Technology Industry Extends a Hand to Struggling Print Media
From classifieds to display ads to subscriptions, the digital age has broken the financial pillars of print journalism, leaving the industry struggling to stand on its own.
But more frequently — and with a boom last week, when Jeffrey P. Bezos, the founder of Amazon.com, bought The Washington Post — the tycoons who have led the digital revolution are giving traditional print outlets a hand.
Call it a sense of obligation. Or responsibility. Or maybe there is even a twinge of guilt. Helping print journalism adapt to a changed era is becoming a cause du jour among the technology elite.
Google, which has been criticized for profiting from news content created by others, began financing journalism fellowships for eight people this year. The founder of Craigslist, the free listing service that helped ruin newspapers’ classified advertising, helped finance a book on ethics for journalists.
A co-founder of Facebook, the social network many young people rely on for news, recently bought New Republic magazine, and the founder of eBay, another classified ad killer, started an online news service in Hawaii. Steven P. Jobs, the former Apple chief executive, went out of his way to advise newspapers how to adapt their products for the tablet era.
“So ironic,” Les Hinton, a former publisher of The Wall Street Journal, wrote in a Twitter post last week about Mr. Bezos, that The Washington Post “should be consumed by a pioneer of the industry that almost destroyed it.”
Technology industry leaders, who “deal in fact and code,” are supporting the press because they value it, said Merrill Brown, director of the School of Communication and Media at Montclair State University and the former editor in chief of MSNBC.com.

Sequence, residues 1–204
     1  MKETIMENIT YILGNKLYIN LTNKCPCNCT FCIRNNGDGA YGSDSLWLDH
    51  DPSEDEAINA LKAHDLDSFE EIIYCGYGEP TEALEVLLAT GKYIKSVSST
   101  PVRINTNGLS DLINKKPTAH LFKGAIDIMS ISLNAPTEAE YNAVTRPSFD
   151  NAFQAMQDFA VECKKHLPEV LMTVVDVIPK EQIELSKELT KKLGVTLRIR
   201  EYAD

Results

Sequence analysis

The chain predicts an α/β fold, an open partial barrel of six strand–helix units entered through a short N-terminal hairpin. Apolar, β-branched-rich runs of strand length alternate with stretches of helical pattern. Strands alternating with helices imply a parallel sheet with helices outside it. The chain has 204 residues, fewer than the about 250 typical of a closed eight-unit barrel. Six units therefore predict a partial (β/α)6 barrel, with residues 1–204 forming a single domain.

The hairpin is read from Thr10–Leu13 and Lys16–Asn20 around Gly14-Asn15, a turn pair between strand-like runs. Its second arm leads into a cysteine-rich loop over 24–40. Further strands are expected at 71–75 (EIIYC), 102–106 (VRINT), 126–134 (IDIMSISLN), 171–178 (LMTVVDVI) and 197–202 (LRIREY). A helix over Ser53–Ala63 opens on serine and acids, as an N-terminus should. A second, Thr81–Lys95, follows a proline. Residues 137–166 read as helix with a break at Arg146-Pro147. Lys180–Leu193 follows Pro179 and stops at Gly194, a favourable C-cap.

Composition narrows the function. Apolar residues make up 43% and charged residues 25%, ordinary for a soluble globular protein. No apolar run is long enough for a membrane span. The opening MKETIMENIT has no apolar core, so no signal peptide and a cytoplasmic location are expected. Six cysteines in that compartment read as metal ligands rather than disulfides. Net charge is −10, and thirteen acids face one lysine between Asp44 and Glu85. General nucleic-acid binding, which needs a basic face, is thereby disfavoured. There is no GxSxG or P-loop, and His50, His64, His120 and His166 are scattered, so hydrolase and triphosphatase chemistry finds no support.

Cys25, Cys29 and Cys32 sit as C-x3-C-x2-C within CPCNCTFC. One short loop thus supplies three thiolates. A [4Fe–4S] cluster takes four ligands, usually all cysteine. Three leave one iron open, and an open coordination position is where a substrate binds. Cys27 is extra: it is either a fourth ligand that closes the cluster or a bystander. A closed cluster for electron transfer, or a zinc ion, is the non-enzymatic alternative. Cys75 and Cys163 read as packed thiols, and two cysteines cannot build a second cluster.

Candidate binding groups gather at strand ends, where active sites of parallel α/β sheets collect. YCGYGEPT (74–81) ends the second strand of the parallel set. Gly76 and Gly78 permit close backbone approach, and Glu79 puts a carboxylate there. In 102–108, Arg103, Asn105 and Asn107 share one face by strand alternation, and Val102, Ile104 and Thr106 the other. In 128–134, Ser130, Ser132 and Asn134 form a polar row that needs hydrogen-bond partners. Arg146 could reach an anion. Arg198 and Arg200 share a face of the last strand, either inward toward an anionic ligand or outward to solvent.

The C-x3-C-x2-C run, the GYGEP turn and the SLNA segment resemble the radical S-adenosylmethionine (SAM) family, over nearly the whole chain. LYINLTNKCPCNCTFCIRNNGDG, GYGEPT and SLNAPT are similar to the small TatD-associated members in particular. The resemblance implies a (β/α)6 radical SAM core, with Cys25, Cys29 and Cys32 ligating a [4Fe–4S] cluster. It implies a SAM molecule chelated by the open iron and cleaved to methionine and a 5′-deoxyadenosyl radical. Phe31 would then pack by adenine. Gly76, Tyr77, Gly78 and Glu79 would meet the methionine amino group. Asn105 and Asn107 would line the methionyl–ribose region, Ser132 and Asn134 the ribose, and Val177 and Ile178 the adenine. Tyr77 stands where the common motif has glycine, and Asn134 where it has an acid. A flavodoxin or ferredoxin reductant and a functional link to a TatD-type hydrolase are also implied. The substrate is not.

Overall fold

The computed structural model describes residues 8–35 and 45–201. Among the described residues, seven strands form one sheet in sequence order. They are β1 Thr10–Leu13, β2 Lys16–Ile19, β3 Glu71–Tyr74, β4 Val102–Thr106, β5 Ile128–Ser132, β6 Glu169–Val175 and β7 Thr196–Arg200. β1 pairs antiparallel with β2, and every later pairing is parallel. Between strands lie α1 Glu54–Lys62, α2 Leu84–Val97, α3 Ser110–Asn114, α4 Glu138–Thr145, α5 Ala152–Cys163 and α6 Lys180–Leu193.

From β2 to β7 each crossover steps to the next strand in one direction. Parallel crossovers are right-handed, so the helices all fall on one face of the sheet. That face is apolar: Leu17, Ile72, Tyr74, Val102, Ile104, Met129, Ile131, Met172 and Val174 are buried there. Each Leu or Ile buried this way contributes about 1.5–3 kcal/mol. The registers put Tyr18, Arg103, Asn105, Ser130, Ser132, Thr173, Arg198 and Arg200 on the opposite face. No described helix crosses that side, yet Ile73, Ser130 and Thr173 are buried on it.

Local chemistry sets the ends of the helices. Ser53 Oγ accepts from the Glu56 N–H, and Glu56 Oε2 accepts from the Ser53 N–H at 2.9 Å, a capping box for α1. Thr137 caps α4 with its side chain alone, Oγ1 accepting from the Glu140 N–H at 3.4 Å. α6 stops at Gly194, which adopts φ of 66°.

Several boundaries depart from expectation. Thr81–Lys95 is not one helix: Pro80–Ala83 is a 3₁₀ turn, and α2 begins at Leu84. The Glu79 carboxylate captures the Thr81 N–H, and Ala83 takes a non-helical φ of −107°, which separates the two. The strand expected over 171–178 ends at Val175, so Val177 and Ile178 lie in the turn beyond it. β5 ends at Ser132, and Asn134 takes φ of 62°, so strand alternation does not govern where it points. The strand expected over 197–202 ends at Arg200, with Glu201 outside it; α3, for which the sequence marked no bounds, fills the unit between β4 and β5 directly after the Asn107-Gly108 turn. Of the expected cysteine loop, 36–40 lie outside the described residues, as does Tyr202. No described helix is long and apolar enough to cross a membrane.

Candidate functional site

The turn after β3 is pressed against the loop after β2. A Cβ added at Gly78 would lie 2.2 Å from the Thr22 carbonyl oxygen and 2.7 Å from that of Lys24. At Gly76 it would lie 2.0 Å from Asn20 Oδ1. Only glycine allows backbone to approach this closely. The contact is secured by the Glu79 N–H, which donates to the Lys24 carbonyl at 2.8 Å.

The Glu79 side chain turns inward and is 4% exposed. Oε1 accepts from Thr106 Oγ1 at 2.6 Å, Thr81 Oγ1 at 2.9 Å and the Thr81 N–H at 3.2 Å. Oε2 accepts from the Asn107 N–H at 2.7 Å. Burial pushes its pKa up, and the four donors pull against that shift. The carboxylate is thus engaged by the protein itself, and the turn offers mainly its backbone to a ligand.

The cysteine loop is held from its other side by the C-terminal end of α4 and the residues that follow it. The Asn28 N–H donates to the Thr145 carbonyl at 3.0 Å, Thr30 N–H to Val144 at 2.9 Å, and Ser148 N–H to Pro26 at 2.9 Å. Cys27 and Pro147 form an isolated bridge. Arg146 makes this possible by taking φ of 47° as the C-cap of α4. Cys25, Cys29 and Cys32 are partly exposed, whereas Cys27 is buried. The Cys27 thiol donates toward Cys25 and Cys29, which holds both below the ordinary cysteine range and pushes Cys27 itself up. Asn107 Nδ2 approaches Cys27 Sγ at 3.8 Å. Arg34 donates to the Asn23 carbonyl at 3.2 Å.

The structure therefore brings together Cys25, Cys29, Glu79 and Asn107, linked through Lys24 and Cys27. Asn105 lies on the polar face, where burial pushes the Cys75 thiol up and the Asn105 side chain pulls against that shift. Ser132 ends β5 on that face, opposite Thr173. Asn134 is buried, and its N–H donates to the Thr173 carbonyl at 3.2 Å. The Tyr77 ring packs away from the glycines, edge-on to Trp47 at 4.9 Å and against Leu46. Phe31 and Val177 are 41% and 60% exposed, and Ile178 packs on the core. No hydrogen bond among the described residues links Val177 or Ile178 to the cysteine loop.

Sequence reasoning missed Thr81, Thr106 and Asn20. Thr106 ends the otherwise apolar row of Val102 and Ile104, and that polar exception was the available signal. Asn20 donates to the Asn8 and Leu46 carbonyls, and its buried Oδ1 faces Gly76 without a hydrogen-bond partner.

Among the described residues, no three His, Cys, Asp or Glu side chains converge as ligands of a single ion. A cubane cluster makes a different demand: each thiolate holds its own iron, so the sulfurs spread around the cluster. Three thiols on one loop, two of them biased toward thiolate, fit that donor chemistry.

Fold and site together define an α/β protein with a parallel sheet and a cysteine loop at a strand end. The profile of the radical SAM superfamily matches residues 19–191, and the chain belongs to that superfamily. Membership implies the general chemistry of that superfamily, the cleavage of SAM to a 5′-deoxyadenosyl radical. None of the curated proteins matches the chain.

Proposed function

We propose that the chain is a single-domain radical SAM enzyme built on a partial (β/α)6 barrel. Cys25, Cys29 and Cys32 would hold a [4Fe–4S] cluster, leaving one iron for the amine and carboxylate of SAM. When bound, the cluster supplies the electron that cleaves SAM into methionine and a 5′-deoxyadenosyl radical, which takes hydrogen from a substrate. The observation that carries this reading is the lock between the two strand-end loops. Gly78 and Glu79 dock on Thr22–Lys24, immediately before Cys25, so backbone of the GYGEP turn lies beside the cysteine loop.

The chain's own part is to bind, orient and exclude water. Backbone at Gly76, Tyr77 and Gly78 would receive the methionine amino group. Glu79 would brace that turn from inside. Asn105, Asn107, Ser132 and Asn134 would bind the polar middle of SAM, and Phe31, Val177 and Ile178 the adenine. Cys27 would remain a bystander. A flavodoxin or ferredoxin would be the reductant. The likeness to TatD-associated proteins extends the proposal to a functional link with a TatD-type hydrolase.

“They’re concerned about where the country is going and share a commonly held point of view that what we do is important for democracy,” said Mr. Brown, who is also a partner at the venture capital firm DFJ Frontier.
This union of the press and digital patrons is sometimes awkward. For starters, tech moguls seem to do their best to stay as far away as possible from the news media’s prying questions. Mr. Jobs was famously prickly around the press, while Mr. Bezos has shunned all interviews about his purchase of The Washington Post except for one — with The Washington Post.
Technology’s helping hand has mostly been extended to newspapers and magazines. And some tech-focused companies, like Yahoo, have long been involved in the news business, hiring their own reporters and editors, setting themselves up as direct competitors to traditional news outlets.
On the business side of newspapers, executives have done little to hide their suspicions about the technology companies that are reaching out. Several years ago, while Mr. Hinton was publisher of The Wall Street Journal, he described Google as a “vampire” sucking the blood from newspapers because of how it aggregated news articles on its Google News site.
Frank A. Blethen, the publisher and chief executive of The Seattle Times, scoffed last week at the overtures Craig Newmark, the founder of Craigslist, had made to journalism causes. “He clearly disrupted classified advertising,” Mr. Blethen said. He added dismissively about Mr. Newmark’s efforts in journalism ethics, “and now he’s portraying himself in this public policy realm.” Read more in the New York Times.